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State v. Betancourth

Supreme Court of Washington, En Banc

March 22, 2018


          STEPHENS, J.

         This case requires us to consider the "independent source doctrine, " which is a recognized exception to the exclusionary rule under article I, section 7 of the Washington State Constitution. The superior court admitted into evidence Ray Betancourth's cell phone records, which were initially obtained under a jurisdictionally invalid district court warrant. Though a valid superior court warrant was subsequently issued for the same records, police did not physically return and reseize the evidence. In upholding admission of the cell phone records, the Court of Appeals fashioned what it deemed an "invalidity correction corollary" to the independent source doctrine. State v. Betancourth, No. 32683-7-III, slip op. at 43-44 (Wash.Ct.App. Dec. 8, 2016) (unpublished), http:// Betancourth argues that this corollary improperly interjects reasonableness or good faith considerations that are incompatible with our state constitutional privacy rights.

         We affirm the Court of Appeals. While we do not embrace the notion of an "invalidity correction corollary, " we agree with the lower courts that the exclusionary rule does not apply in this case. We hold that Betancourth's cell phone records were admissible under our existing independent source doctrine.


         On September 19, 2012, Betancourth assembled a group of friends to look for Terrance Frank, whom Betancourth suspected of breaking his car windows a few days earlier. 8 Verbatim Report of Proceedings (VRP) (June 20, 2014) at 1211-12. Betancourth drove the group around in his pickup truck until they located Frank walking down the sidewalk with two other men, Jordan Lemus and Jose Rodriguez. Betancourth's group exited the truck and chased after Frank, Lemus, and Rodriguez. Betancourth turned back after realizing he had left his truck running, while his friends chased Lemus and Rodriguez into an alley. Betancourth's friend, Marco Cardenas, pulled out a pistol and fired twice, killing Rodriguez. 6 VRP (June 18, 2014) at 919.

         On September 21, 2012, Toppenish police seized Betancourth's truck after witnesses identified the vehicle as having been used by Rodriguez's attackers. 1 VRP (Feb. 10, 2014) at 32-33. Betancourth arrived at the police station with his father and consented to an interview with Toppenish detectives. After the interview, Toppenish police obtained Betancourth's cell phone number. Later that afternoon, Detective Damon Dunsmore sent a preservation letter to Verizon Wireless to preserve records from September 19th to September 25th associated with Betancourth's number. Verizon preserved the phone records as requested.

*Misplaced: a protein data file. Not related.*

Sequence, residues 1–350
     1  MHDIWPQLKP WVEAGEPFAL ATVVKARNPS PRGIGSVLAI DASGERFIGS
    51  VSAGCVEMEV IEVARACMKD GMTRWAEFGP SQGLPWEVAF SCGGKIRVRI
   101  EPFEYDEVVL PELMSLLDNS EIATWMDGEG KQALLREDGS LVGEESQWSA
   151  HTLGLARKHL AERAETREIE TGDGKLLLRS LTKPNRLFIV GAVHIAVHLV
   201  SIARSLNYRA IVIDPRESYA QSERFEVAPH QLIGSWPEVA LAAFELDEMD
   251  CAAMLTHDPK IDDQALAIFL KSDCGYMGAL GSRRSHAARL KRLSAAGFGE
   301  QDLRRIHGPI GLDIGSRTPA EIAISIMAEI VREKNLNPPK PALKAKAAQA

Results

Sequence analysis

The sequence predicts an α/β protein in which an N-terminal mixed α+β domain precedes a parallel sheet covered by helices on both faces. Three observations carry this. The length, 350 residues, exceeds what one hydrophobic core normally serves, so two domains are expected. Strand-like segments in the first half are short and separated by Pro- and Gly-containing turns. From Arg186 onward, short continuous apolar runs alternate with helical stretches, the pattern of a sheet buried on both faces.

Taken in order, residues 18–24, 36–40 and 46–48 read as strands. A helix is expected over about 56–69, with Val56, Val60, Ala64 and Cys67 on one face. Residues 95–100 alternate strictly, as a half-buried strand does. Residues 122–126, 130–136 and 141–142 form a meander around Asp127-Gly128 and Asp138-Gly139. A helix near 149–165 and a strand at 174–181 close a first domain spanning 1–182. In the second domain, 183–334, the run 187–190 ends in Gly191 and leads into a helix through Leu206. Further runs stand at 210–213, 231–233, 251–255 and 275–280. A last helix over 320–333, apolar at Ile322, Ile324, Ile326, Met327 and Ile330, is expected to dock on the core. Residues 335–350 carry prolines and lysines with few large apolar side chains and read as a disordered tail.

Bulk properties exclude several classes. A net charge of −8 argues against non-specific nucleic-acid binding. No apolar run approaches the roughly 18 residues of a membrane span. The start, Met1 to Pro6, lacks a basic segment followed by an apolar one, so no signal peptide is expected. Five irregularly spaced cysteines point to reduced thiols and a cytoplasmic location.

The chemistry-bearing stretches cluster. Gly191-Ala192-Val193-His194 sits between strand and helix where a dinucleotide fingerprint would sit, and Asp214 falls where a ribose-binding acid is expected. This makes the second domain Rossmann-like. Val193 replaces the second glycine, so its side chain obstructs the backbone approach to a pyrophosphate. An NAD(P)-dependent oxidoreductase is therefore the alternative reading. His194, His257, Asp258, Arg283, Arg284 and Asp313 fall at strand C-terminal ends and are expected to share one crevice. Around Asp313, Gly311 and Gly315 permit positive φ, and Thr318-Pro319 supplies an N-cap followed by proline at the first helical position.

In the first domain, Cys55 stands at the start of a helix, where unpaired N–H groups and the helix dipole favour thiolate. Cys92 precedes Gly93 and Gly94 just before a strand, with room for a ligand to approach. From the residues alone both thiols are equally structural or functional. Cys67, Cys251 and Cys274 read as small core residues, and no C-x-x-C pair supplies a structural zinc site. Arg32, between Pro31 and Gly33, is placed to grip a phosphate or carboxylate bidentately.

On September 25, 2012, the Yakima County District Court granted a search warrant ordering Cellco Partnership, d/b/a Verizon Wireless, to provide Betancourth's cell phone records, including text messages, from September 19 to September 25, 2012. Clerk's Papers (CP) at 215, 9-14. Detective Dunsmore faxed the warrant to Verizon's custodian of records in New Jersey, and Verizon provided the requested phone records to Detective Dunsmore in pdf format via e-mail. Id. at 9, 69.

         On October 9, 2012, Toppenish police called Betancourth back in for questioning. Betancourth denied any involvement in the crime. 8 VRP (June 20, 2014) at 1172. Police then showed Betancourth text messages from his cell, including a text message exchange with his girlfriend, Nancy Arriaga, where Betancourth told Arriaga he wanted to '"beat the shit [out of] them."' 7 VRP (June 19, 2014) at 1122. Toppenish police also played Betancourth an audio recording of Arriaga's statement. As the audio played, Betancourth stated, '"Guess you know what happened then.'" 8 VTP (June 20, 2018) at 1179. Toppenish police arrested Betancourth the following day.